Smaller than Expected Bright-spot Offsets in Spitzer Phase Curves of the Hot Jupiter Qatar-1b

Dylan Keating, Kevin B. Stevenson, Nicolas B. Cowan, Emily Rauscher, Jacob L. Bean, Taylor Bell, Lisa Dang, Drake Deming, Jean Michel Désert, Y. Katherina Feng, Jonathan J. Fortney, Tiffany Kataria, Eliza M.R. Kempton, Nikole Lewis, Michael R. Line, Megan Mansfield, Erin May, Caroline Morley, Adam P. Showman

Research output: Contribution to journalArticlepeer-review

3 Scopus citations


We present Spitzer full-orbit thermal phase curves of the hot Jupiter Qatar-1b, a planet with the same equilibrium temperature - and intermediate surface gravity and orbital period - as the well-studied planets HD 209458b and WASP-43b. We measure secondary eclipse depths of 0.21 × 0.02% at 3.6 μm and 0.30 × 0.02% at 4.5 μm, corresponding to dayside brightness temperatures of 1542-31+32 K and 1557-36+35 K, respectively, consistent with a vertically isothermal dayside. The respective nightside brightness temperatures are 1117-71+76 and 1167-74+69 K, in line with a trend that hot Jupiters all have similar nightside temperatures. We infer a Bond albedo of 0.12-0.16+0.14 and a moderate day-night heat recirculation efficiency, similar to HD 209458b. General circulation models for HD 209458b and WASP-43b predict that their bright spots should be shifted east of the substellar point by tens of degrees, and these predictions were previously confirmed with Spitzer full-orbit phase curve observations. The phase curves of Qatar-1b are likewise expected to exhibit eastward offsets. Instead, the observed phase curves are consistent with no offset: 11° × 7° at 3.6 μm and -4° × 7° at 4.5 μm. The discrepancy in circulation patterns between these three otherwise similar planets points to the importance of secondary parameters like rotation rate and surface gravity, and the presence or absence of clouds, in determining atmospheric conditions on hot Jupiters.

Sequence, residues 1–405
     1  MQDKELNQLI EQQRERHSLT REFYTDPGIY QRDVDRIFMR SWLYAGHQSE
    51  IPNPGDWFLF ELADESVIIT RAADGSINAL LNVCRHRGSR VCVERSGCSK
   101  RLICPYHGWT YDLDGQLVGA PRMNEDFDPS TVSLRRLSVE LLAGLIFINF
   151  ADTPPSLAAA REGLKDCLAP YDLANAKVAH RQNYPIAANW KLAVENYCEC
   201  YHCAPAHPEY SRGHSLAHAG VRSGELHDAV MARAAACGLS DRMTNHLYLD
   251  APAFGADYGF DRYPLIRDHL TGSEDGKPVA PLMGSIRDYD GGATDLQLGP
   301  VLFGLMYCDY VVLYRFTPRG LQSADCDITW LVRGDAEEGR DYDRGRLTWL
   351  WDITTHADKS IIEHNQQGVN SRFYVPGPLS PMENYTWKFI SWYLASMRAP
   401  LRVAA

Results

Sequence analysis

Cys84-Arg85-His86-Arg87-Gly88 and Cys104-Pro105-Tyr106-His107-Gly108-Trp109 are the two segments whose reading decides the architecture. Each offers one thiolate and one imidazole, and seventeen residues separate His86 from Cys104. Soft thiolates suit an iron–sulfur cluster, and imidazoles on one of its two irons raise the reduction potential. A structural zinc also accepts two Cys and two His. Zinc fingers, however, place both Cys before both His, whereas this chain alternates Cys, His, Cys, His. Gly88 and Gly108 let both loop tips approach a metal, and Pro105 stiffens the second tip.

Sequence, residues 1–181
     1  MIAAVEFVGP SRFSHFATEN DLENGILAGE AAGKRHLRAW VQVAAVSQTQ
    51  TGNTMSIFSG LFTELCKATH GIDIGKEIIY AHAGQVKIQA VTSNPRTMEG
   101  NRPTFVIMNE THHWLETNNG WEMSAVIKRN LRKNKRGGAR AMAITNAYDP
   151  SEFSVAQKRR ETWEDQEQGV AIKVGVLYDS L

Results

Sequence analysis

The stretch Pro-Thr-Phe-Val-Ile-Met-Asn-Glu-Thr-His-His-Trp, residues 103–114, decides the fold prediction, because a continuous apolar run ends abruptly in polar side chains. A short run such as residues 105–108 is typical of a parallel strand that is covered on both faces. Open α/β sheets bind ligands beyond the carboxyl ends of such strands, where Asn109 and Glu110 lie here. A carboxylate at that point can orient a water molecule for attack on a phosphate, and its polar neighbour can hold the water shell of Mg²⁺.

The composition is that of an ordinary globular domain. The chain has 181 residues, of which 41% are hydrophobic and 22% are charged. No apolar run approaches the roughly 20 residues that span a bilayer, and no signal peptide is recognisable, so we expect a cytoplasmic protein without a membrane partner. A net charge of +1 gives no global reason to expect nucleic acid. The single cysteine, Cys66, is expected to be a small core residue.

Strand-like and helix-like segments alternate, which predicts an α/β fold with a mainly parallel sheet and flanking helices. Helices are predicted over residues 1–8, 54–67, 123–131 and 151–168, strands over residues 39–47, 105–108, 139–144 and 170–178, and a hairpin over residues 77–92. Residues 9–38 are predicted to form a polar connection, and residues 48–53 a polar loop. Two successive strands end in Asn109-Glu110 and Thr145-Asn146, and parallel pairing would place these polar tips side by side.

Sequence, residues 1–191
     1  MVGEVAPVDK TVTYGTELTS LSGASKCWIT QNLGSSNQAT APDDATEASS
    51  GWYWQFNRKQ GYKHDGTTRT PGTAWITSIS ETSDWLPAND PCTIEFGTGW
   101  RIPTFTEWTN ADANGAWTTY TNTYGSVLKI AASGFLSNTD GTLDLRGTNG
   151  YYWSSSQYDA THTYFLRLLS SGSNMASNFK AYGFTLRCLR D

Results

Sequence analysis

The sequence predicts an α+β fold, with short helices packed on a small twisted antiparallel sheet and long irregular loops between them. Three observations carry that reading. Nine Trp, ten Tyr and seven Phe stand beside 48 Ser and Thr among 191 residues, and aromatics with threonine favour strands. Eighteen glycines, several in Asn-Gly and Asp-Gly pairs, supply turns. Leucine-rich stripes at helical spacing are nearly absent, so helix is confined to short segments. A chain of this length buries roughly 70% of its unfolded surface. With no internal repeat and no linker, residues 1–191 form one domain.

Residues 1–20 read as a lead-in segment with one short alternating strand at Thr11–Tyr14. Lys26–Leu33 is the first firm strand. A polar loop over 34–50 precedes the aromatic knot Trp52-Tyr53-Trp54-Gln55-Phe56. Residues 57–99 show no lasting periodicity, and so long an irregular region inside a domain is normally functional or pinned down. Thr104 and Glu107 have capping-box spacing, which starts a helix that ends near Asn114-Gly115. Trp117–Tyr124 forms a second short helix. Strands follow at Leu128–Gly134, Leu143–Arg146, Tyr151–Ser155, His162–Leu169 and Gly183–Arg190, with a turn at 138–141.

Original languageEnglish (US)
Article number223
JournalAstronomical Journal
Issue number5
StatePublished - May 2020

ASJC Scopus subject areas

  • Astronomy and Astrophysics
  • Space and Planetary Science


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